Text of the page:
by Jack Swenson
In the morning, I take the dog for a walk, and it is a struggle to get back up the hill. I have things to do, people to kill, but I walk through the day like a zombie. Get over it, my friends say. K. says good riddance of bad rubbage.
I go home after work, feed the dog and cat, and sit and watch television. I nurse a glass of bourbon and ice, a splash of water. I end up at a snake farm. It is a week before I can see straight again, before I can get a few hours sleep.
I join AA. With my sponsor I work The Steps. I go to ninety meetings in ninety days. Still I cannot forgive and forget.
I write you a letter. Goodbye and good luck. My resentment goes when I let go of it. I'm happy, joyous, and free. I will live long and prosper, as long as I do what I am told.
I sell our townhouse, and I move. I find a friend. She and her cat move in with me. Our cats don't get along. They fight and shed hair all over the house.
Penny for Your Thoughts
I put my arms around her and whisper to her while she plays the piano. She wiggles and tells me to stop it.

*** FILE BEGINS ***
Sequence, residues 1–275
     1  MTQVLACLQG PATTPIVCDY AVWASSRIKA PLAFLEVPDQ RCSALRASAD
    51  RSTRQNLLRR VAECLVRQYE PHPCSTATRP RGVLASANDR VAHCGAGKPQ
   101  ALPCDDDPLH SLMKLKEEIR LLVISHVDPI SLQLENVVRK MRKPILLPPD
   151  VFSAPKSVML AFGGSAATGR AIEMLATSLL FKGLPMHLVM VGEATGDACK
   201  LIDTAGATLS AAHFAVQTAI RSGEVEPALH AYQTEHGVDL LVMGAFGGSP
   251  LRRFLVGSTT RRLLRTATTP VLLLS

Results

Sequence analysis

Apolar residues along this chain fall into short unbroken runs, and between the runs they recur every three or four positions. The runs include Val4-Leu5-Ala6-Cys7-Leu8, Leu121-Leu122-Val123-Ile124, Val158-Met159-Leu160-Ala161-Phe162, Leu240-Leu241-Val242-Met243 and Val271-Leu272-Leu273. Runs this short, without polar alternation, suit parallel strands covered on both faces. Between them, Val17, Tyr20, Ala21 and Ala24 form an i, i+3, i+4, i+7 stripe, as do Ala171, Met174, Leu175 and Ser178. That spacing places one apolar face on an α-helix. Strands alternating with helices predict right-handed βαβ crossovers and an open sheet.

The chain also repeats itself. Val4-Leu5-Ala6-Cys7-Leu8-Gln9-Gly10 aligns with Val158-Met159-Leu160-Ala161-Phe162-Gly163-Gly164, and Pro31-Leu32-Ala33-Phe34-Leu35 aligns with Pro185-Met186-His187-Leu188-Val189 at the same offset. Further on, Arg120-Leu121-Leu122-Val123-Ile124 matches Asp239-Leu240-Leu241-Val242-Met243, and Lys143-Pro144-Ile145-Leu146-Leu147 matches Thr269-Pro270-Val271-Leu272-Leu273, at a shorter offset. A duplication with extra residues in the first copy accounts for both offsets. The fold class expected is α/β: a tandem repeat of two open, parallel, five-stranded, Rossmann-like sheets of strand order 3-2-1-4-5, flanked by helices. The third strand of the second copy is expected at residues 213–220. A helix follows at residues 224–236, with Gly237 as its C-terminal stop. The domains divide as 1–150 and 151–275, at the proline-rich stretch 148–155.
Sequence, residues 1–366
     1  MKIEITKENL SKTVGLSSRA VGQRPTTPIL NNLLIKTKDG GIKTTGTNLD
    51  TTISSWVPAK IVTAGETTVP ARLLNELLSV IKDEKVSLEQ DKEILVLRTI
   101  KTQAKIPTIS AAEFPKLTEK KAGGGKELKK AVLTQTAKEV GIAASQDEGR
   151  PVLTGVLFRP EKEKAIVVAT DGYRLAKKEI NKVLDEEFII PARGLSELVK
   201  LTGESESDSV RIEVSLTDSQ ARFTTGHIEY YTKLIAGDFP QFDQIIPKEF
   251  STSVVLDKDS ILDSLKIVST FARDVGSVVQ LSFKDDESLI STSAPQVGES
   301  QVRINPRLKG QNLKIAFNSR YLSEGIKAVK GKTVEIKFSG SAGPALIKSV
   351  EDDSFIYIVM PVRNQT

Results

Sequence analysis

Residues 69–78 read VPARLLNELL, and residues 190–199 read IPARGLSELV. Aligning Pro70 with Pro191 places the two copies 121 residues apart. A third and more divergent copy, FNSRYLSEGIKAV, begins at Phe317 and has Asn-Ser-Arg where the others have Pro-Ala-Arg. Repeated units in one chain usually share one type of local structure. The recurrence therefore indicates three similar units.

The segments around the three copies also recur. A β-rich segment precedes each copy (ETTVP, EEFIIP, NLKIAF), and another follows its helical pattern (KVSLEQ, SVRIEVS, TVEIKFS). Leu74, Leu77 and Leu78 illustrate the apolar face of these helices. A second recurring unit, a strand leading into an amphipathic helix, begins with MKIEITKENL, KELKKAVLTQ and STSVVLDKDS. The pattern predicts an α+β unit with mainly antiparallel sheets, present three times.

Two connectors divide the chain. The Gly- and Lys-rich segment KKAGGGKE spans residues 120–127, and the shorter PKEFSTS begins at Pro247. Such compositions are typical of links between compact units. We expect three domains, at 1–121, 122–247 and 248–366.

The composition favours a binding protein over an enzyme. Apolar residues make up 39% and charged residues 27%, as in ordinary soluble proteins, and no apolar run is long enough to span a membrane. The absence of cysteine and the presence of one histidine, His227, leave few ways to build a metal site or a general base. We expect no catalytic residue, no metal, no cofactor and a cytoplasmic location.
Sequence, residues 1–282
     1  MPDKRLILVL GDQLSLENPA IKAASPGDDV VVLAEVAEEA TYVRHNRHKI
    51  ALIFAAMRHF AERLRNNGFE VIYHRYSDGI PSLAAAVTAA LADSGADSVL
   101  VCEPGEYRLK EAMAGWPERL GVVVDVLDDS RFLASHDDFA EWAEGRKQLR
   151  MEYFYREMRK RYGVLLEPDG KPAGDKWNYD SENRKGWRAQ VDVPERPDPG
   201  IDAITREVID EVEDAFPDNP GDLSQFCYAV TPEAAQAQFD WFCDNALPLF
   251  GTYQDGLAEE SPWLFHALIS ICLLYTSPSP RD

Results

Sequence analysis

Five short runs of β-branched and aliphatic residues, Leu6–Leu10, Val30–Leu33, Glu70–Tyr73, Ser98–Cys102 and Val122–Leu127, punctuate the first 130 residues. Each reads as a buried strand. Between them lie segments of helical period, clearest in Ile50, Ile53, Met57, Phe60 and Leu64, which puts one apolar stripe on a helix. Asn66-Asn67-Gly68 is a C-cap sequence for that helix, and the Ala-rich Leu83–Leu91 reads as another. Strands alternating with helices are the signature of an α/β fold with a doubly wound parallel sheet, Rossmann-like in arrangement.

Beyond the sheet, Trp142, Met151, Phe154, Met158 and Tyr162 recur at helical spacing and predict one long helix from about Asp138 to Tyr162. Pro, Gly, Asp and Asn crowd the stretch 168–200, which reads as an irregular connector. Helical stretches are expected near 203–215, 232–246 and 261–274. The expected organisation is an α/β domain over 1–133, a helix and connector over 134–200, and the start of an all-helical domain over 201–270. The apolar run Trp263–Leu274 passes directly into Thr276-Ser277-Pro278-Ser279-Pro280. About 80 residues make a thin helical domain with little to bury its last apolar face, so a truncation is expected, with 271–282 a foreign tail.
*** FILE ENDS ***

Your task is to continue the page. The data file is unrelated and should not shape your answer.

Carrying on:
I go into the kitchen and ask Kaia where she found the English girl. "At work," she says.
Later Penny and I go for a walk. We stop under street lights and in the shadows of trees and kiss. I ask her to marry me. I tell her we can get a divorce in the morning. She says okay, but, there is a condition.
The condition is that Kaia joins us. I push Kaia into the darkened bedroom ahead of me. I climb on the bed. I hear giggling, and then the door opens and closes.
Kaia tells me later where the girl lives, and I think about going over there and ringing her doorbell, but I decide against it. I tell Kaia that her friend is a tease.
She had me cornered in her apartment. I had brought the papers for her to sign, but she had changed her mind. "Come here," she said, unhooking her bra and dropping her panties. She spread her arms wide. "Take me!" she sang.
I ran for the door. She tackled me from behind and brought me down face first in the hallway. "Ow," I said. She started tearing at my clothes. "I'll show you!" she said. "I'll make you sorry you started up with Lorna." I told her to shut up about Lorna. I was already sorry about that. Women. Traitors, every single one of them. They give you the come on, then drop you. Marry one, and she spends the wedding night locked in the bathroom.
I crawled toward the door, pulled myself up, with Deedee hanging onto my belt. I freed myself. I opened the door and skedaddled. As I drove away, I looked in the rear-view mirror, and there was my soon-to-be ex wife standing on the sidewalk butt naked, waving. Already I missed her. I missed Lorna, too.